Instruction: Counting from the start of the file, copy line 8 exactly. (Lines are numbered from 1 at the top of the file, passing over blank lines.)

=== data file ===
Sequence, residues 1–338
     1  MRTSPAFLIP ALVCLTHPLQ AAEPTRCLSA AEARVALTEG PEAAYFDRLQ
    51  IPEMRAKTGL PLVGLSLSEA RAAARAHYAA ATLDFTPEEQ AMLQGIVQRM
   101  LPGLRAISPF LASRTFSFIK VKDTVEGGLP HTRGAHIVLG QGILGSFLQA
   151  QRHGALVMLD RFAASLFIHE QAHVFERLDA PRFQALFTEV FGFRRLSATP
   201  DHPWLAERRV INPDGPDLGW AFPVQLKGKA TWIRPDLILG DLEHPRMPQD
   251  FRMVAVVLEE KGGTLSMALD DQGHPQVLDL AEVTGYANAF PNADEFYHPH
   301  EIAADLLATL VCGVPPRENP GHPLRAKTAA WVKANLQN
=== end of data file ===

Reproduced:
   301  EIAADLLATL VCGVPPRENP GHPLRAKTAA WVKANLQN